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Caribbean Blues

Actor Sharman Joshi talks about his offbeat Aruban holiday

travel Updated: Jun 28, 2010 10:30 IST

Aruba boasts an
interesting mix
of cultures.
You'll find
Spaniards,
Venezuelans,
Africans and even 10,000-
odd Indians on this small
island, located off the coast
of Venezuela in South
America. The local
language, Papiamento, is
also a mélange of tongues.


The story goes that locals created the language during the Spanish reign in the 1800s, when most of them were employed as slaves. The Spaniards left an indelible imprint on the place, and that's what makes it so special.

Raju Hirani, R Madhavan and I went there for a special screening of 3 Idiots at the Aruba Film Festival, which was held from June 8 to June 11. We spent two evenings at the auditorium and roamed around during the day.

Aruba is the quintessential Caribbean beach city. It's got quiet sea shores, cool waters and friendly locals. At the Palm Island, which is a hotspot for snorkelling, the water is unusually calm. The beach by our hotel was also just as quiet. That's where I tried windsurfing and deep sea walking. I didn't think I'd adapt well, but I was quite good. When the water is so still, you can't resist jumping in!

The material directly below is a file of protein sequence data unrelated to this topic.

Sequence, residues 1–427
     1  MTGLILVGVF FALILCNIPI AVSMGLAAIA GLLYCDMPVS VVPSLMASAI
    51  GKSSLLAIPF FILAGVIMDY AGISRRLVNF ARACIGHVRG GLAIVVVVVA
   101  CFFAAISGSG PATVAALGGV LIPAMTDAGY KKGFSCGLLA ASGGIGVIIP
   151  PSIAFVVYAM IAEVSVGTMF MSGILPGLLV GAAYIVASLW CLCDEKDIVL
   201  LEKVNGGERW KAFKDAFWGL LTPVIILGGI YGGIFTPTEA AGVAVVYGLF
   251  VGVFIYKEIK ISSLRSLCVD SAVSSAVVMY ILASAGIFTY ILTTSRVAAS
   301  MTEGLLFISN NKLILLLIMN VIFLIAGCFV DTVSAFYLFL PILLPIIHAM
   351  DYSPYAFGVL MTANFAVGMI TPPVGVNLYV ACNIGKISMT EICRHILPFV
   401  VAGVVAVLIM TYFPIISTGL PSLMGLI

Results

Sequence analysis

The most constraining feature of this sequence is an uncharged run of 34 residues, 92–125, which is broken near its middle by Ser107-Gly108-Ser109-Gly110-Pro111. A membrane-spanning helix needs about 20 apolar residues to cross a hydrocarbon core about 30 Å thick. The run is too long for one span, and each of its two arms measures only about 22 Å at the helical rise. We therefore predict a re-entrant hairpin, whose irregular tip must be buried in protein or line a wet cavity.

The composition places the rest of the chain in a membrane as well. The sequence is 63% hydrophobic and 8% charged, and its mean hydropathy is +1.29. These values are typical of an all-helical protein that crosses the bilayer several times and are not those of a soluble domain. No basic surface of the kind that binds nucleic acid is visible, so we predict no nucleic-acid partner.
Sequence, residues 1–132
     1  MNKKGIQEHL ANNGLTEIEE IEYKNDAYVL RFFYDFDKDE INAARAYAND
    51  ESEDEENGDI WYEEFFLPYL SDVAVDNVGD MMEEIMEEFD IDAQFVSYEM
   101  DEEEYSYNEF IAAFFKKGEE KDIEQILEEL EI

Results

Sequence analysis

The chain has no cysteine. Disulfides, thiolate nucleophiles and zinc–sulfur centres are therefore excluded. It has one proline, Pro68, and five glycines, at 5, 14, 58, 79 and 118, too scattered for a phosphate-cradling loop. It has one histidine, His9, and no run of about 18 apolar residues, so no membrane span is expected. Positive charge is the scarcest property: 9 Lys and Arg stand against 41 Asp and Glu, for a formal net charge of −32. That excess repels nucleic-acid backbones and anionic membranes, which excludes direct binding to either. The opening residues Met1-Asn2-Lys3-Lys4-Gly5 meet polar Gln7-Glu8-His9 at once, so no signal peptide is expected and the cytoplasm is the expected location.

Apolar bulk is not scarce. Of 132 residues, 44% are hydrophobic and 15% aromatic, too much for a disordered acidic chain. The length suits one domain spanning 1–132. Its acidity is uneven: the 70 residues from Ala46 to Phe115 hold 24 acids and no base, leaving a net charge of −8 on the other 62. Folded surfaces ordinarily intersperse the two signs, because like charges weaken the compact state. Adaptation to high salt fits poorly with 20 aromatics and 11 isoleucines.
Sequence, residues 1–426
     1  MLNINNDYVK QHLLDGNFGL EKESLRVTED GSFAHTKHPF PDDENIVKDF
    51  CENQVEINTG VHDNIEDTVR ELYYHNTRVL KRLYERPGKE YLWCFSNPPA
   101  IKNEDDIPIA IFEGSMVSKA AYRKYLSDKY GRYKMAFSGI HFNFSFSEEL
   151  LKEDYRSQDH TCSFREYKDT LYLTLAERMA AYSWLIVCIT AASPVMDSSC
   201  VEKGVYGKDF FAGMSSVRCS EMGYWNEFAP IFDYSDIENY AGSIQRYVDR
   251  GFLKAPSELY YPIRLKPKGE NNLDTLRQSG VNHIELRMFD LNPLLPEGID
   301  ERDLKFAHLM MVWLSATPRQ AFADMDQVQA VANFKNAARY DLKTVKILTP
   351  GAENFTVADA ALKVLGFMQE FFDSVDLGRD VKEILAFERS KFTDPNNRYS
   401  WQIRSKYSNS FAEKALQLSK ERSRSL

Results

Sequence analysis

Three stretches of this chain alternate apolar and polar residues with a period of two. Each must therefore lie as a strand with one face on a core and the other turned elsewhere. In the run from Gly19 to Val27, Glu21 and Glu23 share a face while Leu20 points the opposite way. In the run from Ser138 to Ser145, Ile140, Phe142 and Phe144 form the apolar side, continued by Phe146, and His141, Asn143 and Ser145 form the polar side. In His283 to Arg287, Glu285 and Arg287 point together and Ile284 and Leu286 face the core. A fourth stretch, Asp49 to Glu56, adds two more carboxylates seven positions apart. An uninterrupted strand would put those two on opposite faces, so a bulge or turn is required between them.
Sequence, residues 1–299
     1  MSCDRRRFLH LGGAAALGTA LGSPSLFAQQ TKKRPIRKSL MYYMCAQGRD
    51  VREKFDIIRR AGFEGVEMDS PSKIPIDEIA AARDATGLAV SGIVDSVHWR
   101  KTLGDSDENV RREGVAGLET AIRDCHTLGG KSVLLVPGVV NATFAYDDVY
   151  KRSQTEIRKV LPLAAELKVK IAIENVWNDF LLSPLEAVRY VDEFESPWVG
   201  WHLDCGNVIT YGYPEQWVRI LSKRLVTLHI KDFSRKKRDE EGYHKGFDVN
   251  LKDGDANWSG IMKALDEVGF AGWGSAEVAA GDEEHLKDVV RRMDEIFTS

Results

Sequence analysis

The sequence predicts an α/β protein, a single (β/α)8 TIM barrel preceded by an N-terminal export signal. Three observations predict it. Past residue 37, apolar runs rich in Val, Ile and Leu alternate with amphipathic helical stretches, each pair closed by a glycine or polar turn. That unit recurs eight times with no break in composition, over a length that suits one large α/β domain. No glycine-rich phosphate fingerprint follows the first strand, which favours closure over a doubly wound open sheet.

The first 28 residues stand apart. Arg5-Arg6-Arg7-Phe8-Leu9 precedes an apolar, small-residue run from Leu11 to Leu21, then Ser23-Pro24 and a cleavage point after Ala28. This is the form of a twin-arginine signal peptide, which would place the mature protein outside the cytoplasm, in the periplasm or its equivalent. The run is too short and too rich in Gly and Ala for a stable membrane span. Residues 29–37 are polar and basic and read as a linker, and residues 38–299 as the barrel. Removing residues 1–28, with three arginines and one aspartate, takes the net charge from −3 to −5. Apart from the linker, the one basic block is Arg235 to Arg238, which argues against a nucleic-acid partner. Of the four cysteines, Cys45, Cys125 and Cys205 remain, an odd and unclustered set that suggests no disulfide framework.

For a small island that is just about 40 km wide, Aruba has a whole lot of casinos that stay open all night. We usually hung out there when we felt like a three-card poker game or roulette. We had a good time at the South Beach building, the entire ground floor of which has theme bars, all with a different ambience and music playlist. That's where I tasted Balashi, the local beer. It's pretty good, a stronger version of Kingfisher.

Unfortunately, they don't have much of a street food culture, but the continental dishes are delectable. We went to a restaurant called Pinchos, which is held up by stilts right over the Caribbean Sea. A country musician kept us entertained with his tunes all evening. Since carnivals are such an important part of their culture, the organisers of the film festival chose to have one just for us at the Renaissance Island.

Some of the local Indians moved there during Partition. It is quite surprising why they chose this of all places. Some told us that they were heading to North America, but changed their mind when they heard that Aruba's economy would boom in the 1950s. Sitting at home on a regular day I might have wondered why they chose Aruba, but after having spent four days here, I think I know what held them back!

As told to Aalap Deboor

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